After losing 1,400 points on the Dow last week, I’m sure there’s a sense of relief on Wall Street given the tremendous rally Tuesday. Now, if only the major averages can find some semblance of a follow through on Wednesday, investors might be able to avoid the dreaded “double dip”. On Tuesday, the major averages bounced higher on light volume, but bounced higher nonetheless. The Dow finished the trading session near the highs of the day, up 547 points or 2.17 percent. The S&P finished higher by 2.15% with the Nasdaq and Russell 2000 both finishing higher by 2.8 % on the day. It was quite the rebound and coincided with stronger than anticipated economic data.

The National Association of Home Builders’ monthly confidence index rose 1 point to 68 in October. The tracker of sentiment among residential construction firms beat the Econoday consensus forecast of a flat reading.

Current sales conditions were at 74 in October, and expectations for sales over the next six months were 75. The gauge of buyer traffic surged four points to 53. “Builders are motivated by solid housing demand, fueled by a growing economy and a generational low for unemployment,” the industry group said.

On top of the better than expected Housing sentiment reading, job openings hit a record level high in August, according to the Labor Department. The Job Openings and Labor Turnover Survey showed that vacancies level hit 7.14 million for the month. The total number of hires also reached a record of 5.78 million.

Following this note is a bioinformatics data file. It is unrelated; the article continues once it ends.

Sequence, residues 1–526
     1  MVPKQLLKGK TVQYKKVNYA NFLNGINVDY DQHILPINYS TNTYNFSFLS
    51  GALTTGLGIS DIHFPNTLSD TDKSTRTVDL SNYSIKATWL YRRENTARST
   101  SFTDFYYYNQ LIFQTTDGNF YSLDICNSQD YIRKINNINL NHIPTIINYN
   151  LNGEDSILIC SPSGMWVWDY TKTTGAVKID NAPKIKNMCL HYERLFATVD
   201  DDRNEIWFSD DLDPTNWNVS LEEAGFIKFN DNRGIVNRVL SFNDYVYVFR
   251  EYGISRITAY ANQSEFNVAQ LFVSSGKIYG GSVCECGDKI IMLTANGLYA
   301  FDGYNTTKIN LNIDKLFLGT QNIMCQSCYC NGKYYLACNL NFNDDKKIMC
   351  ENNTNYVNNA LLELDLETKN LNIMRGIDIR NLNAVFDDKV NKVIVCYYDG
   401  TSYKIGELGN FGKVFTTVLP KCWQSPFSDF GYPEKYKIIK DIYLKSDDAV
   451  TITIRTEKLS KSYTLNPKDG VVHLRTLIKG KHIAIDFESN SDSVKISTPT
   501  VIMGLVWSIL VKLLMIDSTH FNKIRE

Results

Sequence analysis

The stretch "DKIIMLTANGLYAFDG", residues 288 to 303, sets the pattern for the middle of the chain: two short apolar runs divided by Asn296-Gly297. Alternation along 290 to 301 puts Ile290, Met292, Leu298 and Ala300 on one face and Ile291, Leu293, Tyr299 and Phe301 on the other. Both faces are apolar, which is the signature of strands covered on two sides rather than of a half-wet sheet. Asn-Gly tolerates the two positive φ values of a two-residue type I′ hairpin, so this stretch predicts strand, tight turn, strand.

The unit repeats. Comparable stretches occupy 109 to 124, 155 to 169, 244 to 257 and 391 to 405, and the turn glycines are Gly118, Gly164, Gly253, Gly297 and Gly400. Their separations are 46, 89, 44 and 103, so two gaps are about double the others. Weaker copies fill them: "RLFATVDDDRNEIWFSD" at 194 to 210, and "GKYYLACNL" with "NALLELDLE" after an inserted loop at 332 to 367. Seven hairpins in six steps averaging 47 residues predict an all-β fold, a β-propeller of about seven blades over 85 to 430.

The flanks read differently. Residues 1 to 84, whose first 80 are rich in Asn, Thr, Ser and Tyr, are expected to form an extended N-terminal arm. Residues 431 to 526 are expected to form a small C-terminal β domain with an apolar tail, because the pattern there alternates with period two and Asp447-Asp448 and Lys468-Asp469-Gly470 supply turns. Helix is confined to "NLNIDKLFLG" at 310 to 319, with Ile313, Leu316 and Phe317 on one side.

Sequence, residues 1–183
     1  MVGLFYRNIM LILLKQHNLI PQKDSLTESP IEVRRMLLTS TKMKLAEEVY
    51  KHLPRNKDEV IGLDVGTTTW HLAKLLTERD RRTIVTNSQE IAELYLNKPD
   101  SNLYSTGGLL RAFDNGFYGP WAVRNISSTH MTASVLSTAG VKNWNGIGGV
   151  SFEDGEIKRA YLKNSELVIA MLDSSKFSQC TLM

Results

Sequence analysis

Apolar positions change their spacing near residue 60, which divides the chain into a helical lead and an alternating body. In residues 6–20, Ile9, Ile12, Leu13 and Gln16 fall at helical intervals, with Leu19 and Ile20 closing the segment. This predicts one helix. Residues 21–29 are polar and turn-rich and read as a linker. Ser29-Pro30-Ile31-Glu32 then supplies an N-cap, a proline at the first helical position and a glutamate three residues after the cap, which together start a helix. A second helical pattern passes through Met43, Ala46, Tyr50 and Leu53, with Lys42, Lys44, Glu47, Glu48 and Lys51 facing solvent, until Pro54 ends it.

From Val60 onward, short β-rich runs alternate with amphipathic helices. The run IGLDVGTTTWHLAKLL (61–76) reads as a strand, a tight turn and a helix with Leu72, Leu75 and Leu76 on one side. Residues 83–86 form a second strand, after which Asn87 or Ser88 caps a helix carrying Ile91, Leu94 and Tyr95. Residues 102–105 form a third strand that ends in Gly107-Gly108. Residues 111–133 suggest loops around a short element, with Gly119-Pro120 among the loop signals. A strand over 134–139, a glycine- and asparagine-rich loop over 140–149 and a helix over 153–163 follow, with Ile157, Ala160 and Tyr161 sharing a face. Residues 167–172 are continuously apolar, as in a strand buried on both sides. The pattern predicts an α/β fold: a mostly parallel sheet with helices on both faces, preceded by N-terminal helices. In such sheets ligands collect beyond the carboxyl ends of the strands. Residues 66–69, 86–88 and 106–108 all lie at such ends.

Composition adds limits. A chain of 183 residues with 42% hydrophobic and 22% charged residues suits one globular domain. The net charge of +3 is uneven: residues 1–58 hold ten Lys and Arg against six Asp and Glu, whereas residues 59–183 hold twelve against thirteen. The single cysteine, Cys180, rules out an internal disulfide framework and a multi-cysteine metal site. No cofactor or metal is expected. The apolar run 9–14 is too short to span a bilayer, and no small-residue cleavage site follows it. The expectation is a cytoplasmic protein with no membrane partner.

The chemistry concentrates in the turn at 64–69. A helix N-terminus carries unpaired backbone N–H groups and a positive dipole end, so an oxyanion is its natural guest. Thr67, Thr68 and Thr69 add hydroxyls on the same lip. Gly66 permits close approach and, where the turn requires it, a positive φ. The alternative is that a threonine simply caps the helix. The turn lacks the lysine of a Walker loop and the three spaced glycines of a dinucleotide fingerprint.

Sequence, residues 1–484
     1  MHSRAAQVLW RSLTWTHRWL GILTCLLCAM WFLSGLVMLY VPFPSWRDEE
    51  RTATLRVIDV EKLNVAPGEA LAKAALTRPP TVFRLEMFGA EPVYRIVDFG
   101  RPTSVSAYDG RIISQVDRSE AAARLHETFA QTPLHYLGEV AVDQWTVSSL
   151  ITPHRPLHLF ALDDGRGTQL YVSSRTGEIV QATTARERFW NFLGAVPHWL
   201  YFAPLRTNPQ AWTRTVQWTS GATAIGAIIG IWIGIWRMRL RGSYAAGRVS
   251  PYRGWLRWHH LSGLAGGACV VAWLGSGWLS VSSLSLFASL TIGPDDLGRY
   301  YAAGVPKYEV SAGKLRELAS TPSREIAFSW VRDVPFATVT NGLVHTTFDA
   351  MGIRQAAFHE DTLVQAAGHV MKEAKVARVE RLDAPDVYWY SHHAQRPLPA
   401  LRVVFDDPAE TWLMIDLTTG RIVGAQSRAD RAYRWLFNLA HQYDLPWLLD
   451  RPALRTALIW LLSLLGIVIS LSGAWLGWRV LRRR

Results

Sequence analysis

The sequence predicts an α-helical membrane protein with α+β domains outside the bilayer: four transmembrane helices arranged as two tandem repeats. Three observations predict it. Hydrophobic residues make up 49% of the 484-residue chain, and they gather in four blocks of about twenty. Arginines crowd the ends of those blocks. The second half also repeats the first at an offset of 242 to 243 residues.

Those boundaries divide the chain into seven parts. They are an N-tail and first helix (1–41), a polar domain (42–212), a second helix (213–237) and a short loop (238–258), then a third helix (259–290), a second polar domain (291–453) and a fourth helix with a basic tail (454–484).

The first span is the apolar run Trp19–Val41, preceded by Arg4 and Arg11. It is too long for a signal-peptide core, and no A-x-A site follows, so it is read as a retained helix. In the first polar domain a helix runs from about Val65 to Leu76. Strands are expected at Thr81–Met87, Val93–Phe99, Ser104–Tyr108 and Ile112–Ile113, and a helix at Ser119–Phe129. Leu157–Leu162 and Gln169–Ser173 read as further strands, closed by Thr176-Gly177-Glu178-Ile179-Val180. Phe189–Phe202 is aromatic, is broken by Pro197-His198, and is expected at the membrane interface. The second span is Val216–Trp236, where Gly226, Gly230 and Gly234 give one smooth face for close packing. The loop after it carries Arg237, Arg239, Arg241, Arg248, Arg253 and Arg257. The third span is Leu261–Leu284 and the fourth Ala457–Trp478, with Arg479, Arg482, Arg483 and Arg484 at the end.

“The fact that record numbers of workers are voluntarily quitting their jobs suggests that they are finding substantially better opportunities elsewhere in the economy,” said Julia Pollak, labor economist at online employment marketplace ZipRecruiter.”

 Although the economic data continues to come in strong and demonstrate the strength of the economy, there might be more pain ahead for investors according to famed volatility expert Mark Sebastian. Sebastian the founder of, and Jim Cramer’s colleague at and “Mad Money’s” resident VIX expert recently suggested that the market may take another leg lower before finding higher highs.